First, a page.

European facilities and funding played a crucial role in this worldwide effort, with the participation of advanced European telescopes and the support from the European Research Council — particularly a €14 million grant for the BlackHoleCam project. Support from ESO, IRAM and the Max Planck Society was also key. “This result builds on decades of European expertise in millimetre astronomy”, commented Karl Schuster, Director of IRAM and member of the EHT Board.

The construction of the EHT and the observations announced today represent the culmination of decades of observational, technical, and theoretical work. This example of global teamwork required close collaboration by researchers from around the world. Thirteen partner institutions worked together to create the EHT, using both pre-existing infrastructure and support from a variety of agencies. Key funding was provided by the US National Science Foundation (NSF), the EU’s European Research Council (ERC), and funding agencies in East Asia.

More information

This research was presented in a series of six papers published today in a special issue of The Astrophysical Journal Letters.

The EHT collaboration involves more than 200 researchers from Africa, Asia, Europe, North and South America. The international collaboration is working to capture the most detailed black hole images ever by creating a virtual Earth-sized telescope. Supported by considerable international investment, the EHT links existing telescopes using novel systems — creating a fundamentally new instrument with the highest angular resolving power that has yet been achieved.

The individual telescopes involved are; ALMA, APEX, the IRAM 30-meter Telescope, the IRAM NOEMA Observatory, the James Clerk Maxwell Telescope (JCMT), the Large Millimeter Telescope (LMT), the Submillimeter Array (SMA), the Submillimeter Telescope (SMT), the South Pole Telescope (SPT), the Kitt Peak Telescope, and the Greenland Telescope (GLT).

The EHT consortium consists of 13 stakeholder institutes; the Academia Sinica Institute of Astronomy and Astrophysics, the University of Arizona, the University of Chicago, the East Asian Observatory, Goethe-Universitaet Frankfurt, Institut de Radioastronomie Millimétrique, Large Millimeter Telescope, Max Planck Institute for Radio Astronomy, MIT Haystack Observatory, National Astronomical Observatory of Japan, Perimeter Institute for Theoretical Physics, Radboud University and the Smithsonian Astrophysical Observatory.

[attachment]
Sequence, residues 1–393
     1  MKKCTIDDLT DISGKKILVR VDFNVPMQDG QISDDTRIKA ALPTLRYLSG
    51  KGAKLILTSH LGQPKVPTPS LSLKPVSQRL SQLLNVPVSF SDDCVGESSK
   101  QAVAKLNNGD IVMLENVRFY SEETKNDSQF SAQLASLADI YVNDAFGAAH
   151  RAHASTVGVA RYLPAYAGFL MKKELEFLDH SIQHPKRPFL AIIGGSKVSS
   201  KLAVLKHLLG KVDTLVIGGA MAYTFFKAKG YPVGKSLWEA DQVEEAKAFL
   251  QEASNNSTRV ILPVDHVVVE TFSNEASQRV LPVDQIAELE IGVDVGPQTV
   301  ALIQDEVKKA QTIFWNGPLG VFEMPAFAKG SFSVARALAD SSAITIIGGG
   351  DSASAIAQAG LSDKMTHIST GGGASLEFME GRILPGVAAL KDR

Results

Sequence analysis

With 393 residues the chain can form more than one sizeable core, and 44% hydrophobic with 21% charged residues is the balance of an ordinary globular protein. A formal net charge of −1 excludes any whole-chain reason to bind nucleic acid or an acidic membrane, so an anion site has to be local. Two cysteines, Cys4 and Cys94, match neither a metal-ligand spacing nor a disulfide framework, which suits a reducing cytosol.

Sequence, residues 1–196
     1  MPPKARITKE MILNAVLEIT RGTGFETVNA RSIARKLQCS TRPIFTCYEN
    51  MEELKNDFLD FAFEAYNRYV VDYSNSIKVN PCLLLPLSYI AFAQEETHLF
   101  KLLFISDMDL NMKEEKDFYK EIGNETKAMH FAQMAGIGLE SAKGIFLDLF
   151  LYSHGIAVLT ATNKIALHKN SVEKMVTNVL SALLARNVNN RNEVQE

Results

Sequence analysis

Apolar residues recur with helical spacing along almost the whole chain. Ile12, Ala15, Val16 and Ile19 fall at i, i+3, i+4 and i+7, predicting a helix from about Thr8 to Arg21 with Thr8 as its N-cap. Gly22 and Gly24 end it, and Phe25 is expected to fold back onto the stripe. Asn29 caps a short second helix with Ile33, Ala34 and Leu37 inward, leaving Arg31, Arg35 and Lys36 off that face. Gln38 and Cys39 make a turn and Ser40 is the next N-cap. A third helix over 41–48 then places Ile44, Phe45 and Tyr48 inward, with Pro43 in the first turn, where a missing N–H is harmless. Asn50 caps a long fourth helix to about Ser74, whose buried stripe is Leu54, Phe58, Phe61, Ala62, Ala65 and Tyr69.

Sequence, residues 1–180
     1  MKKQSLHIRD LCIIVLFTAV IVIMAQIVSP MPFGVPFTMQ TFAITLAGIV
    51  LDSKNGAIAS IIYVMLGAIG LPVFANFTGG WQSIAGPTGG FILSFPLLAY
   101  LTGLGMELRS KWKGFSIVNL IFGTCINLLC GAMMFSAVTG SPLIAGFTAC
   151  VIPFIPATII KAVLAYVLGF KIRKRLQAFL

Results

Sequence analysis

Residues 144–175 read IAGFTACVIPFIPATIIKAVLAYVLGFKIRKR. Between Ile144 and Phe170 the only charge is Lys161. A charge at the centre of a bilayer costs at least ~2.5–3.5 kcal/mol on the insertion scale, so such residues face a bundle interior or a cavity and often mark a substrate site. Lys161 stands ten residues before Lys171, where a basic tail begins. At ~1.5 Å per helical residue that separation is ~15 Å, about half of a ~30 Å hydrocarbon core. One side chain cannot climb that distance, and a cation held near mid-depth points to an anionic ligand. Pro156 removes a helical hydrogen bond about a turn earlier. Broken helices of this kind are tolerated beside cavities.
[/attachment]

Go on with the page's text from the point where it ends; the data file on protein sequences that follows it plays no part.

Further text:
ESO is the foremost intergovernmental astronomy organisation in Europe and the world’s most productive ground-based astronomical observatory by far. It has 16 Member States: Austria, Belgium, the Czech Republic, Denmark, France, Finland, Germany, Ireland, Italy, the Netherlands, Poland, Portugal, Spain, Sweden, Switzerland and the United Kingdom, along with the host state of Chile and with Australia as a Strategic Partner. ESO carries out an ambitious programme focused on the design, construction and operation of powerful ground-based observing facilities enabling astronomers to make important scientific discoveries. ESO also plays a leading role in promoting and organising cooperation in astronomical research. ESO operates three unique world-class observing sites in Chile: La Silla, Paranal and Chajnantor. At Paranal, ESO operates the Very Large Telescope and its world-leading Very Large Telescope Interferometer as well as two survey telescopes, VISTA working in the infrared and the visible-light VLT Survey Telescope. Also at Paranal ESO will host and operate the Cherenkov Telescope Array South, the world’s largest and most sensitive gamma-ray observatory. ESO is also a major partner in two facilities on Chajnantor, APEX and ALMA, the largest astronomical project in existence. And on Cerro Armazones, close to Paranal, ESO is building the 39-metre Extremely Large Telescope, the ELT, which will become “the world’s biggest eye on the sky”.


Links

Contacts

Heino Falcke
Chair of the EHT Science Council, Radboud University
The Netherlands
Tel: +31 24 3652020
Email: h.falcke@astro.ru.nl

Luciano Rezzolla
EHT Board Member, Goethe Universität
Germany
Tel: +49 69 79847871
Email: rezzolla@itp.uni-frankfurt.de

Eduardo Ros
EHT Board Secretary, Max-Planck-Institut für Radioastronomie
Germany
Tel: +49 22 8525125
Email: ros@mpifr.de

Calum Turner
ESO Public Information Officer
Garching bei München, Germany
Tel: +49 89 3200 6655
Email: pio@eso.org

Connect with ESO on social media